“Cuba, US, and Public Health: A History of Strained Relations”
As tensions between the United States and Cuba begin fitfully to subside, a better understanding of the sources of the strained relationship between the two countries can help illuminate potential stumbling blocks to further progress. One often-overlooked point of contention over the past 150 years has been public health. U.S. concern over disease on the island was an important cause of the Spanish-American War, and efforts to fight disease were a much-resented aspect of the U.S. domination of Cuba afterwards. The consequent development of Cuban capabilities in medicine and health, in turn, played a crucial role in Cuban foreign policy after the Revolution, not least as a means of discrediting the U.S. government.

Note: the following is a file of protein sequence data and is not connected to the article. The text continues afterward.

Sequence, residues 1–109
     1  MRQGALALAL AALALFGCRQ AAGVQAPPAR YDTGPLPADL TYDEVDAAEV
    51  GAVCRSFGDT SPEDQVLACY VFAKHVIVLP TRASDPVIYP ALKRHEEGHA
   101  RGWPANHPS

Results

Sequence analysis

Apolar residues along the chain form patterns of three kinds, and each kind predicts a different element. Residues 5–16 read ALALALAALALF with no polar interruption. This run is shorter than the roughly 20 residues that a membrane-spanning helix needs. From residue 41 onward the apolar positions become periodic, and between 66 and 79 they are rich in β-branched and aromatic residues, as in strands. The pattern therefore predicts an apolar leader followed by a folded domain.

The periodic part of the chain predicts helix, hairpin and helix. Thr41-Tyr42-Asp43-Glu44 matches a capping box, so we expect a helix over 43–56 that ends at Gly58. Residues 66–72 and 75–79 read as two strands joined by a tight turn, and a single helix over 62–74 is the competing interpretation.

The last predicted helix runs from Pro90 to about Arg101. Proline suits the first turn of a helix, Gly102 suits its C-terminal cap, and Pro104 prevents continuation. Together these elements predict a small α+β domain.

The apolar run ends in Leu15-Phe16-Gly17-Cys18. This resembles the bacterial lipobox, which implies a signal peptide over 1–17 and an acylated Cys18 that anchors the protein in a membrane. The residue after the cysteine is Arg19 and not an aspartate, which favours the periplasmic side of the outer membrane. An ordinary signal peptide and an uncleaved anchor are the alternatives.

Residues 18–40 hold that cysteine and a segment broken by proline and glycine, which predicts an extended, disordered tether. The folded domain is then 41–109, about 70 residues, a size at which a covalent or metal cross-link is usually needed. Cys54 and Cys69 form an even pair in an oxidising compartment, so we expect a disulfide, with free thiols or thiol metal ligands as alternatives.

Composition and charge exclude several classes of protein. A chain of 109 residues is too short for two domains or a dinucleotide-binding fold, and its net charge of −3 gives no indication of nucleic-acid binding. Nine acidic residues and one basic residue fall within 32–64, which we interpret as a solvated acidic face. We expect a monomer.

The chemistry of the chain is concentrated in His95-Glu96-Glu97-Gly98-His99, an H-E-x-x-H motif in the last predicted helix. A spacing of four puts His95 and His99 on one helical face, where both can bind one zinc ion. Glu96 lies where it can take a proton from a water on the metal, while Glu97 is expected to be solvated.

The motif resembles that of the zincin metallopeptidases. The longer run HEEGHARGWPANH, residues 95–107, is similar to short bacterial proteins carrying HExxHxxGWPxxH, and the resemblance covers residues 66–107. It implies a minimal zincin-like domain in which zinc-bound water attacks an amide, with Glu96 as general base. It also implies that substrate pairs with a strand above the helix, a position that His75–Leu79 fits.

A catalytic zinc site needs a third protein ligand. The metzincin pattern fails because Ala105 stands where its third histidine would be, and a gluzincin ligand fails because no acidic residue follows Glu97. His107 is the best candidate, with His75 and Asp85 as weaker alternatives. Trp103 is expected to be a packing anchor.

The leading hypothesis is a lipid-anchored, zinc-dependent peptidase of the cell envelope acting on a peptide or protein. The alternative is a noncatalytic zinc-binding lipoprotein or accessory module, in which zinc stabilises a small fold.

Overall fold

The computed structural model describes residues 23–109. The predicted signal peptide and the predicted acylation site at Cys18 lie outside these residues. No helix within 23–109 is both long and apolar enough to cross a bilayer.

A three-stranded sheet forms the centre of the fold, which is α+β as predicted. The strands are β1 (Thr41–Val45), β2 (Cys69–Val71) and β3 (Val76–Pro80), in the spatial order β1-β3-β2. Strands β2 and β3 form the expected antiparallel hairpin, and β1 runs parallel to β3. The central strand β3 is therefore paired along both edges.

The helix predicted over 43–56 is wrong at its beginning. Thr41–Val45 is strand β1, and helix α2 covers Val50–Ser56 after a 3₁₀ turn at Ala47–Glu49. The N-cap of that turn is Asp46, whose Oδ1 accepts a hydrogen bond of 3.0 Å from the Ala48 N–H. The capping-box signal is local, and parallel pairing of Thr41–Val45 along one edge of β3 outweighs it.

Mariola Espinosa, Associate Professor, History, is a historian of medicine and public health in the Caribbean. Her 2009 book,“Epidemic Invasions: Yellow Fever and the Limits of Cuban Independence, 1878-1930”, was awarded the 2007 Jack D. Pressman-Burroughs Wellcome Fund Career Development Award of the American Association for the History of Medicine. In 2010 she was recognized as the 2010 Virginia and Derrick Sherman Emerging Scholar. She is currently working on a book project that looks into medical understandings of fever in the British, French, Spanish, and U.S. Caribbean empires.